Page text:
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Carpal Tunnel Syndrome Pictures: Anatomy, Where It Hurts, and More

What Is Carpal Tunnel Syndrome?

Illustration of Carpal Tunnel.

The carpal tunnel is a narrow passageway on the palm side of your wrist made up of bones and ligaments. The median nerve, which controls sensation and movement in the thumb and first three fingers, runs through this passageway along with tendons to the fingers and thumb. When it's pinched or compressed, the result is numbness, tingling, weakness, or pain in the hand, called carpal tunnel syndrome.

Symptoms: Pain and Tingling

Photo of nerve compression.

Carpal tunnel develops slowly. At first, you're most likely to notice it at night or when you first wake up in the morning. The feeling is similar to the "pins-and-needles" sensation you get when your hand falls asleep. During the day, you may notice pain or tingling when holding things, like a phone or a book, or when driving. Shaking or moving your fingers usually helps.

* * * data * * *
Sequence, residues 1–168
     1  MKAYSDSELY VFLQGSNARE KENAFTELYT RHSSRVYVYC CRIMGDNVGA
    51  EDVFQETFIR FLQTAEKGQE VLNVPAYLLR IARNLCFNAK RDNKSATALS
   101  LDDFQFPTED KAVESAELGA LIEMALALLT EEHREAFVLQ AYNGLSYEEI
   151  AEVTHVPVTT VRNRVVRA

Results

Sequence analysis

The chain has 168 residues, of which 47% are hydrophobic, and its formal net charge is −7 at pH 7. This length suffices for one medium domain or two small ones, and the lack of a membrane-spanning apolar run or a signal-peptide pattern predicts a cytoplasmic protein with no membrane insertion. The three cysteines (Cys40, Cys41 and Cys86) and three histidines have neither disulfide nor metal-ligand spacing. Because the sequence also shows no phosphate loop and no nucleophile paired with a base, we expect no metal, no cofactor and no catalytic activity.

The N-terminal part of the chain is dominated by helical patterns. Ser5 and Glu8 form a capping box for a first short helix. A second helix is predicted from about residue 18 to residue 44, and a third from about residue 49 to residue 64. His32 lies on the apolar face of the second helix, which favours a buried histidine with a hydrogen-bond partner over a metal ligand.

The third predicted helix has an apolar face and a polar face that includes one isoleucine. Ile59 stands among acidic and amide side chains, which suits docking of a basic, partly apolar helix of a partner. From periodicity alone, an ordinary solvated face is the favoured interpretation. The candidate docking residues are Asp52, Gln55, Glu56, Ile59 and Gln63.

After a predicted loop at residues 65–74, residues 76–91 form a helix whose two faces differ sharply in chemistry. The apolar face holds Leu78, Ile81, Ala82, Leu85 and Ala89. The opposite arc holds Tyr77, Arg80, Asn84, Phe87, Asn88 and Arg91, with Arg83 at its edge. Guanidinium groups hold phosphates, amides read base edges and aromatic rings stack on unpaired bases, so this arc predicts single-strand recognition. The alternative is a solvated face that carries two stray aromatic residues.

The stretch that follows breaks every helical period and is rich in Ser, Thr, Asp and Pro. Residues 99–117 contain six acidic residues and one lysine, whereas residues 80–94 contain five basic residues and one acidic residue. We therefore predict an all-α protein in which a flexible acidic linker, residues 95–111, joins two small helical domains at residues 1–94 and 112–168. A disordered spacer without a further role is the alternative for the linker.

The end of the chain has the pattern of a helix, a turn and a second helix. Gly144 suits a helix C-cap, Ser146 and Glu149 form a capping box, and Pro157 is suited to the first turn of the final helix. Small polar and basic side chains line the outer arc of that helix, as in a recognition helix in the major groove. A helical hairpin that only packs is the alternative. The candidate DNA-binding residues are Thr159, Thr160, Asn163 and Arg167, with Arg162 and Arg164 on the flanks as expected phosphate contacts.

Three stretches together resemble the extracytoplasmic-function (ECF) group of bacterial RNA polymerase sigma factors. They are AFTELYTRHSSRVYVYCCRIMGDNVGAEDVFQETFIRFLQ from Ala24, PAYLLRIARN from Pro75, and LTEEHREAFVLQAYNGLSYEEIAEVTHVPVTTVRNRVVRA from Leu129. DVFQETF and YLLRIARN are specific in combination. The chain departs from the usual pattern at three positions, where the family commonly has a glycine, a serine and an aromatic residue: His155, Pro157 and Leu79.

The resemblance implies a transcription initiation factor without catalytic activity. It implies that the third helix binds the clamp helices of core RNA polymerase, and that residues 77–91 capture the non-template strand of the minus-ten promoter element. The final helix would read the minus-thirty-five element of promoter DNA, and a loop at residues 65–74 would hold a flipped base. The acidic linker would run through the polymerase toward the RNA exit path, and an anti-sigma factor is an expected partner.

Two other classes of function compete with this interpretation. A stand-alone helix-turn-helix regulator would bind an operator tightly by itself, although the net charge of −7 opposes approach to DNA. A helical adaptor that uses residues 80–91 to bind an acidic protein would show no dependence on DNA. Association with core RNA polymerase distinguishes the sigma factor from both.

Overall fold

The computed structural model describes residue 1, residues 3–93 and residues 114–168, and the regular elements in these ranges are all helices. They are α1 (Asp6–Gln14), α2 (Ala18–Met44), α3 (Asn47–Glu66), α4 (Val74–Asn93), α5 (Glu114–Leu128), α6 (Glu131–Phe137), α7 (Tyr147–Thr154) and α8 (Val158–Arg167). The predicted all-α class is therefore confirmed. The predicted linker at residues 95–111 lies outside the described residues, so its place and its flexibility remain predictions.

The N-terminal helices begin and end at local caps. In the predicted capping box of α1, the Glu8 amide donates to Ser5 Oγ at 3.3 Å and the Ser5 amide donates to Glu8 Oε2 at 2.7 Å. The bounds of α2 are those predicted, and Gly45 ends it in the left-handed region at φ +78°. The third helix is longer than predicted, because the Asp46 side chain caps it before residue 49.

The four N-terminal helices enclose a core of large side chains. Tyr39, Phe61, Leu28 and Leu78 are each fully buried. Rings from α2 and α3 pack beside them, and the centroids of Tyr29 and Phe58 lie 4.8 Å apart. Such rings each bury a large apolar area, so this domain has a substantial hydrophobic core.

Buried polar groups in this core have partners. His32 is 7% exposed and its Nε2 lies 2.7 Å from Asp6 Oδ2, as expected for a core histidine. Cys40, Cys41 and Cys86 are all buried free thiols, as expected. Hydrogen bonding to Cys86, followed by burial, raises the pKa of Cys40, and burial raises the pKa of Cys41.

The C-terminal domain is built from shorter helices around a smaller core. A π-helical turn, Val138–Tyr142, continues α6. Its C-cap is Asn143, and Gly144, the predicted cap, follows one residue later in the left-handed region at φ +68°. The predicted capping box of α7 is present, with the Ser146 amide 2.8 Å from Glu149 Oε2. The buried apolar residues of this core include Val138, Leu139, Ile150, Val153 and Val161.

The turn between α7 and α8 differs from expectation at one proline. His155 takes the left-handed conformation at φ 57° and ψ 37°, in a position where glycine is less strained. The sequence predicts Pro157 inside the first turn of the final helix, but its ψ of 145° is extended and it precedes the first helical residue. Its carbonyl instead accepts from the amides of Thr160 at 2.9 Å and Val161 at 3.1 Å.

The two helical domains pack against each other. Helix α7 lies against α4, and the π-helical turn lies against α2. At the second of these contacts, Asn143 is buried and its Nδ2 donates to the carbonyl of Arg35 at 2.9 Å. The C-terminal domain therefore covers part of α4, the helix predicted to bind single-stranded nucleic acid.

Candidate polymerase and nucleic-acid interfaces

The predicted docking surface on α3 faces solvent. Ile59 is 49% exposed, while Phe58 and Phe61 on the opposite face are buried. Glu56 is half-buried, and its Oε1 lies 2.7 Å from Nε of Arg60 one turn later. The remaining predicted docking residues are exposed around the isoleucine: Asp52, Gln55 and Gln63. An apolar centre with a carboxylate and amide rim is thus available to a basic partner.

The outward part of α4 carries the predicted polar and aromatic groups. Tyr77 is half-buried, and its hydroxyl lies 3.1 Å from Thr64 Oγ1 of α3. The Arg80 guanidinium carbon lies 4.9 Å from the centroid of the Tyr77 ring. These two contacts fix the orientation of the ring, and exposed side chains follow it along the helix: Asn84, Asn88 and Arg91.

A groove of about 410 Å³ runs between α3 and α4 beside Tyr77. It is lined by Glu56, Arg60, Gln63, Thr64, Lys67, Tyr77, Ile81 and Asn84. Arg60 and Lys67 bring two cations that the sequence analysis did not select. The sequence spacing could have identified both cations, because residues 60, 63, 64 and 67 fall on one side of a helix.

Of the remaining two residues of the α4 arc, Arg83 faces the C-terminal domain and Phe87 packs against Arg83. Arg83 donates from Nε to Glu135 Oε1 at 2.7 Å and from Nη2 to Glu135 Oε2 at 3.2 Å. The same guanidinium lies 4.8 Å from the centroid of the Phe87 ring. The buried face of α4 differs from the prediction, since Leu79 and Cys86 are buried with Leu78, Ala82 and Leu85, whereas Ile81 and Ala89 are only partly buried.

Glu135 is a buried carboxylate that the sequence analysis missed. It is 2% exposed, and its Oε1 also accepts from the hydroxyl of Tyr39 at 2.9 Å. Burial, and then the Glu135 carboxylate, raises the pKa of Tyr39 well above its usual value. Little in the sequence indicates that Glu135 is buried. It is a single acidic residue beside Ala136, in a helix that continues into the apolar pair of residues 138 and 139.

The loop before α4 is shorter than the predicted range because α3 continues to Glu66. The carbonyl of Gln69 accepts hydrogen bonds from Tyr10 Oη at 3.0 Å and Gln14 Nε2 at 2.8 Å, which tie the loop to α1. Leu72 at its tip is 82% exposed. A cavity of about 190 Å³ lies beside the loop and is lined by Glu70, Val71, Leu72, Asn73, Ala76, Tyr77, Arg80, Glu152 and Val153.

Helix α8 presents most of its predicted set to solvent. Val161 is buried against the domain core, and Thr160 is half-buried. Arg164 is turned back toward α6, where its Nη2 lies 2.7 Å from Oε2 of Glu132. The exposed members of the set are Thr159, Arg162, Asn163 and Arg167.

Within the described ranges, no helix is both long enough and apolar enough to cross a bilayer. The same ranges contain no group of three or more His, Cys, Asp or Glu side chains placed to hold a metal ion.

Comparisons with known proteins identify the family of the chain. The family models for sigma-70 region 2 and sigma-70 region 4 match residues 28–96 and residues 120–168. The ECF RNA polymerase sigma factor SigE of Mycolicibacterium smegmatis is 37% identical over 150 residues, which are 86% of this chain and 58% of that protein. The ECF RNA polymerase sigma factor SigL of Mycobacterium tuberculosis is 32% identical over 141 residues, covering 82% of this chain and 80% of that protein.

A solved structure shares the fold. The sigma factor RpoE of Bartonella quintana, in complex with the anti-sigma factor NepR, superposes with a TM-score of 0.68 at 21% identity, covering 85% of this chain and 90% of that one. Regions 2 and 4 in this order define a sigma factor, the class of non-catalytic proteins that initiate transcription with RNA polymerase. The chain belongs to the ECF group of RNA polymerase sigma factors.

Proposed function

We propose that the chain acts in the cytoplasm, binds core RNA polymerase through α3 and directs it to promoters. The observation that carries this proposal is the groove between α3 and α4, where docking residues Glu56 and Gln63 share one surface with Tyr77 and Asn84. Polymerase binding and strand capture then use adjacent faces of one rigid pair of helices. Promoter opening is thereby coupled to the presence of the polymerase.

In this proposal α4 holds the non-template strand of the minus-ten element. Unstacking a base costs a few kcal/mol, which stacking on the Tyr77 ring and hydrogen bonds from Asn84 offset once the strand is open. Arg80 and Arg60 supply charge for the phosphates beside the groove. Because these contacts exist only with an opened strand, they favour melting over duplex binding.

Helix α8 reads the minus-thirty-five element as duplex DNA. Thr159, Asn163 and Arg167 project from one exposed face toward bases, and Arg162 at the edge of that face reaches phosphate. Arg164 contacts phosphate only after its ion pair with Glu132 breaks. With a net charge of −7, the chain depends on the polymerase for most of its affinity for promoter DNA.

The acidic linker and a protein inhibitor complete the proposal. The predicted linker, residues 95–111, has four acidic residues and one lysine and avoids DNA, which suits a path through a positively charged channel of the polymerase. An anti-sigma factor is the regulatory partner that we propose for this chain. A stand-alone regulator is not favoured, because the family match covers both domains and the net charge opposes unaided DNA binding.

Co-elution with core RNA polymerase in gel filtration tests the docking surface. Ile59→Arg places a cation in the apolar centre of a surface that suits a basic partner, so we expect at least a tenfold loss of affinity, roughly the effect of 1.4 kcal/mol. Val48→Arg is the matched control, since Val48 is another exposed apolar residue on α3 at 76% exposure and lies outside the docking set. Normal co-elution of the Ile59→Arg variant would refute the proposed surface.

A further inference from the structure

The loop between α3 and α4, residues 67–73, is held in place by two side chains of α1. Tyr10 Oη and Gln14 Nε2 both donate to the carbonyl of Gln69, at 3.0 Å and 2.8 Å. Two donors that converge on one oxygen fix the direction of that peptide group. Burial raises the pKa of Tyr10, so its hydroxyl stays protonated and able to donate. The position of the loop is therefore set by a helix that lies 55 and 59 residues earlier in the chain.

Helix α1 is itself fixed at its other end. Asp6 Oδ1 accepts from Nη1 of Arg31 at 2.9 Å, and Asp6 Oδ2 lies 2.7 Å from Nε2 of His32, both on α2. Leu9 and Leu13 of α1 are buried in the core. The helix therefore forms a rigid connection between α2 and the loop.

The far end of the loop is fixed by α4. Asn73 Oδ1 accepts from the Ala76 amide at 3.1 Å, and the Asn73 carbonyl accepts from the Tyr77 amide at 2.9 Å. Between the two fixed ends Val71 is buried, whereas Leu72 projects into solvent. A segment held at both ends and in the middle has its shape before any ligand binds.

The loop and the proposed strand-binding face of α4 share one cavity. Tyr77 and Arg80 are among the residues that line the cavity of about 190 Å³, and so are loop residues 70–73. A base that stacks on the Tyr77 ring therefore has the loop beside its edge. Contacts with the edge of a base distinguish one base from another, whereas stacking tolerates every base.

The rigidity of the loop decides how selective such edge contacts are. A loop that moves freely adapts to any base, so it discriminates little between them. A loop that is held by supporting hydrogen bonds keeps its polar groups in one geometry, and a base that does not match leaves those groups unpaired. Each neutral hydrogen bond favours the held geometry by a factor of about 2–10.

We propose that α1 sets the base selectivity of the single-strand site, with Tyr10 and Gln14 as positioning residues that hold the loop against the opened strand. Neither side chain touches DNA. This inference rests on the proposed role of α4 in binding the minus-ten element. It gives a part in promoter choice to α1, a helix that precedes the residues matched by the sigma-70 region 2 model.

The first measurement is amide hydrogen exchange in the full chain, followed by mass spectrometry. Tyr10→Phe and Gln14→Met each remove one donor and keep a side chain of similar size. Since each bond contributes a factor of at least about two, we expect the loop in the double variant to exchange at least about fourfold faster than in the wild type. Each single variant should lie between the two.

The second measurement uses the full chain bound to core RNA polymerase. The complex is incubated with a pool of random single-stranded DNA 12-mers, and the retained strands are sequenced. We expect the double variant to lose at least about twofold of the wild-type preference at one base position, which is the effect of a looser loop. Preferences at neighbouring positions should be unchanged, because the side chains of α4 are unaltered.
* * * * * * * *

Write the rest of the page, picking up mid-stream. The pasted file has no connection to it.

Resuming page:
Symptoms: Weakness

Photo of hand opening door.

As carpal tunnel syndrome progresses, you may begin to notice weakness in the thumb and first two fingers, and it may be difficult to make a fist or grasp objects. You may find yourself dropping things, or you may have trouble doing things like holding a utensil or buttoning your shirt.

Symptoms: Sensation Problems

Photo of Don't Walk sign.

Carpal tunnel syndrome can also cause a feeling of numbness in the hands. Some people feel like their fingers are swollen, even though no swelling is present, or they may have trouble distinguishing between hot and cold.

What Causes Carpal Tunnel Syndrome?

Photo of wrist x-ray.

There usually isn't one definitive cause of carpal tunnel syndrome. Because the carpal tunnel is narrow and rigid, anytime there is swelling or inflammation in the area, the median nerve can be compressed and cause pain. Symptoms may be present in one or both hands (usually symptoms develop in the dominant hand first).